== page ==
Chester, you’ve become a wine hero of Enotria’s sales force today: who is your wine hero?

    I nominate Jancis Robinson! I love Jancis! I love her humour, her palate, her sheer understanding of wine and especially her understanding of the ageability of wine. Most critics, and even winemakers, see only young wines as being good – big, powerful, fruity wines. But these wines have nowhere to go from there – most of my wines are meant to evolve...

    What’s your personal favourite grape or wine?

    Without a doubt, Nebbiolo is my favourite grape. It has length, minerality, fragrance and complexity. I really like the floral notes, the bright fruit character and the tannins. I love those ‘old library’ characters you get as it ages too.

    What’s your greatest achievement?

    I could say my kids, but I’m sure you mean with respect to my wines, don’t you? So, I guess it’s all I’ve learnt in the vineyards over the last 30 years. It’s nice to gain such experience that I now know exactly which vineyard has produced a certain wine.

    I really can argue now that there are very clear differences in ‘terroir’ or whatever you want to call it. There are real nuances that you can pick up in the fruit when comparing the smallest parcels of land. We’ve produced a range of single vineyard wines that will prove it!

    Yes, I understand you have 18 wines in your terroir-led range 'Amazing Sites.' Can you give me a word to sum up those nuances or key flavours?

    A word? That’s tough! Ok, here goes...

    The Fruit Bat – ‘elegance’ Little Venice – ‘dark pepper’ (whoops, that’s two!) The Sardanapalian – ‘lawn’ The Garden of Extraordinary Delights – ‘sooty’ The Swinging Malaysian - that’s easy: ‘Asian spice’ (oh no, that’s two words again!) The Vociferate Dipsomaniac – ‘violet’ The Eight Iron – ‘mineral’ The Piceous Lodestar – ‘earth’

    ...shall I go on??

    No, that’s pretty impressive! Ok, another question; your dad used to wear dress shirts to give ‘elegance to his reds.’ What do your shirts do for your reds?

    Haha – that’s a Len Evans quote! My wines get power and elegance from my shirts via some kind of osmosis. By power, I mean life and zest and by elegance I mean complexity, refinement, and uniqueness of detail. You know I design my own shirts don’t you?! Wine’s got to be about contrast and balance. A truly great wine, as opposed to a good one, combines balance, character and ageability. Look, these shirts are not just blowsy, they’re timeless – like my wines!

    What advice would you give to an aspiring winemaker?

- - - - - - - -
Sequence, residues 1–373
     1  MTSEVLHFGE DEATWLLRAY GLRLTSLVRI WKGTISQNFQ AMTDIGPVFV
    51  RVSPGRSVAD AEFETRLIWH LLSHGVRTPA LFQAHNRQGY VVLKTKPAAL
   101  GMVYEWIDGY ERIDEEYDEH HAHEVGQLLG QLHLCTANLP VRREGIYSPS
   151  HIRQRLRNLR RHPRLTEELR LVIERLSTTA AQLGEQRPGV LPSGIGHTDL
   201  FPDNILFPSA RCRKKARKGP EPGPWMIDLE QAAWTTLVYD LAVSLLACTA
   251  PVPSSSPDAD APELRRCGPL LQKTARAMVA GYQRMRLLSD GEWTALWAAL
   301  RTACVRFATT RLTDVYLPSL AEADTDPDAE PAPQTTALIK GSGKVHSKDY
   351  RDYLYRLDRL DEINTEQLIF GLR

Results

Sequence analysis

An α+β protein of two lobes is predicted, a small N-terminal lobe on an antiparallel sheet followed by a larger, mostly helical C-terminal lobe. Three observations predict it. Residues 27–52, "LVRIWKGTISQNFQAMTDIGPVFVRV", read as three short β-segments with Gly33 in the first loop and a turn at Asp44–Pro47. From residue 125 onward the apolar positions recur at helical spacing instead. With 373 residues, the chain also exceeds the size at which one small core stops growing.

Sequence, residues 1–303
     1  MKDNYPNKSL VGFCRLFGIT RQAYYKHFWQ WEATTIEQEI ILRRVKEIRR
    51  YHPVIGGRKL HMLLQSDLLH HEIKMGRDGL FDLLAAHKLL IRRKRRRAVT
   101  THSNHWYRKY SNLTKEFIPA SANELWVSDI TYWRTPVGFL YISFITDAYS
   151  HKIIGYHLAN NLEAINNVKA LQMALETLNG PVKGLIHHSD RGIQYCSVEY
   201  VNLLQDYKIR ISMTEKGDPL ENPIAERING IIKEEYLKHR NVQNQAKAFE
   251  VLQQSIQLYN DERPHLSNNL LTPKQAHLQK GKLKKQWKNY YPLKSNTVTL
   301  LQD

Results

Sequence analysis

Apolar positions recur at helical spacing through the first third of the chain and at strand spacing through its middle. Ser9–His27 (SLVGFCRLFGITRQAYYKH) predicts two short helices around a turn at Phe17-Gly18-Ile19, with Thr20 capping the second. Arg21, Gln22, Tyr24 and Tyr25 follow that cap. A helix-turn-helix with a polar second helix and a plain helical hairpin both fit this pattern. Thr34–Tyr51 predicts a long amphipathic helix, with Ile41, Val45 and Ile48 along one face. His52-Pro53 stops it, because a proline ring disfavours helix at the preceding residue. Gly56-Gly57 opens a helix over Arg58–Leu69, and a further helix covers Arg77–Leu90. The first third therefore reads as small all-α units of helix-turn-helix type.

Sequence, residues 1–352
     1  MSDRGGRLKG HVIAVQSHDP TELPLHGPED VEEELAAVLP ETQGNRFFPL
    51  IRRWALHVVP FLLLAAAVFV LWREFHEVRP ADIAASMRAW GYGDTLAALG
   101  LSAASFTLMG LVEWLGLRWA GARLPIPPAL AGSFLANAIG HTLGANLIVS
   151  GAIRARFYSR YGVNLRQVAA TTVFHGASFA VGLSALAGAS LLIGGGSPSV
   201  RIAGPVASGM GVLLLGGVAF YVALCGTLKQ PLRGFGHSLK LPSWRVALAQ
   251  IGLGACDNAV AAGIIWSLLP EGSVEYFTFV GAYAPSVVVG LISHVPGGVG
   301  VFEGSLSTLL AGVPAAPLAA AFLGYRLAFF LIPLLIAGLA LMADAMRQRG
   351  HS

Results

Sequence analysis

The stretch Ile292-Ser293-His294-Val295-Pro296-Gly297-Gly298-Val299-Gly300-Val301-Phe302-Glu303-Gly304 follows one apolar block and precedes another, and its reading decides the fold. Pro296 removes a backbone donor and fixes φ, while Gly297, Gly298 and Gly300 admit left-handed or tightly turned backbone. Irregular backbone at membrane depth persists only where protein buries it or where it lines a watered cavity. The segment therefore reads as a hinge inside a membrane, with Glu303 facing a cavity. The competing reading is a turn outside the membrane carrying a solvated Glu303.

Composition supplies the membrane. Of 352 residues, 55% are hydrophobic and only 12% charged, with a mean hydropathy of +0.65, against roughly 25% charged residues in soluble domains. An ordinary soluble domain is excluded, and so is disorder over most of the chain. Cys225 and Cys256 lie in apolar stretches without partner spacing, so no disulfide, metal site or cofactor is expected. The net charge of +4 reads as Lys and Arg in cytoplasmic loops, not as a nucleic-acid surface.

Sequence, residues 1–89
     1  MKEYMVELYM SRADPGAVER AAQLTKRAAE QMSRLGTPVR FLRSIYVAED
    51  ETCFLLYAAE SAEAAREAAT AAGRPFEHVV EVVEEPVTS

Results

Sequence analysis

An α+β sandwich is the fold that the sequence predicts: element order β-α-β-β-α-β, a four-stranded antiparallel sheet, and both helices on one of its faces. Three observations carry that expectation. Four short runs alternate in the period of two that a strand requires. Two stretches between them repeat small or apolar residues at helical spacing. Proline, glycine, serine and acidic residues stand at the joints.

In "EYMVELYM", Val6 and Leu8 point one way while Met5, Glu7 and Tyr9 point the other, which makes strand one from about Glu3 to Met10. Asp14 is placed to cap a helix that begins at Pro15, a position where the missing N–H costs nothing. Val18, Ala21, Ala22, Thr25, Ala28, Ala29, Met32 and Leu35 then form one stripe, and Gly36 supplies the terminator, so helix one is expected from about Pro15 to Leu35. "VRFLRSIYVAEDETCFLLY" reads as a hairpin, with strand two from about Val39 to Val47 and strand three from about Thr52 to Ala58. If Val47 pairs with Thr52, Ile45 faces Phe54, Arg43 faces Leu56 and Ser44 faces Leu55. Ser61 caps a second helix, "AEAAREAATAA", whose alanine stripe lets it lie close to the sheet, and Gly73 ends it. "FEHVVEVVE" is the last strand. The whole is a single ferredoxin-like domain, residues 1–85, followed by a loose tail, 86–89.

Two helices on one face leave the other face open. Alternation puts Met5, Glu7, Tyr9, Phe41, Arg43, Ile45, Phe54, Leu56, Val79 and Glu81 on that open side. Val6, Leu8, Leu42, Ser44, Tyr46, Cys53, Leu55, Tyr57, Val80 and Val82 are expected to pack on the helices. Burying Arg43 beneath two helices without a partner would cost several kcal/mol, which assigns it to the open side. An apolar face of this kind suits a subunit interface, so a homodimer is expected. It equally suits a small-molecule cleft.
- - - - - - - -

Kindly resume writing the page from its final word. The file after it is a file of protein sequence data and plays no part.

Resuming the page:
I’d highly recommend doing what I did in 1984. I went to Spain, Italy, Germany and France to learn the stuff you don’t learn at wine college. We visited four wineries a day for six months – it was a bunch of us Aussie winemakers and fine wine merchants. It was a real eye-opener. In Burgundy I learnt about 'fermenting on the solids' – it’s a method I still use today.

    Chester will be back in the UK for our Pioneers & Personalities events in September. Watch this space for details.

  • Dressing up for d'Arenberg

    This week Enotria was honoured to host Chester Osborn at their Park Royal HQ for a tasting of 35 of his vast portfolio of wines. As usual Chester provided fun and flamboyance, but it was the wisdom as well as the wit that the 50-strong sales force had come to hear. Chester's winemaking knowledge is inspirational and the four hour tasting session seemed to pass in a flash. Despite temperatures rising to 32 degrees Centigrade outside, the team showed no sign of fatigue, soaking up the information with aplomb and rinsing all the detail they could.

    Without waiting to catch breath, Chester was whisked off to Scotland to introduce his wines to the sales team north of the border. The event turned into a bit of a breather for Chester who treated the team to an intimate tasting in the cellar of top wine destination: Champany in Linlithgow near Edinburgh.

    The hotel and restaurant lives and breathes quality local produce and is home to one of Scotland's most impressive wine collections. Of course, Chester and his d'Arenberg brand were right at home in this environment but it was still refreshing to see this icon in awe of some of the legendary names that made up the restaurant's wine cellar.

    Over the two days the Enotria team learned about d'Arenberg's enviable range of wines and Chester's pursuit of the highest quality. The overall style of winemaking is what Chester calls 'minimal intervention' - a soon-to-be accredited organic method of winemaking that shows his passion for great wine and overriding respect for nature. In his mind there is good wine and there is great wine - great wine must be balanced and carefully structured to last the distance. With a partnership that has begun in such a way, it seems clear that Enotria and d'Arenberg are at the beginning of a great relationship.

  • Bowled over by MadFish in Bath & London

    Andy Murray’s Wimbledon outbursts may still be echoing in our ears and the tears of defeat still yet to dry on the faces of Brazil’s national team, but in Bath and London this week it was Enotria that had bigger fish to fry in the sporting event of the summer!

    On Monday and Tuesday, a little bit of Australian sunshine came to the cites of Bath and London when Burch Family Wines showcased their MadFish wine brand alongside a game or two of bowls.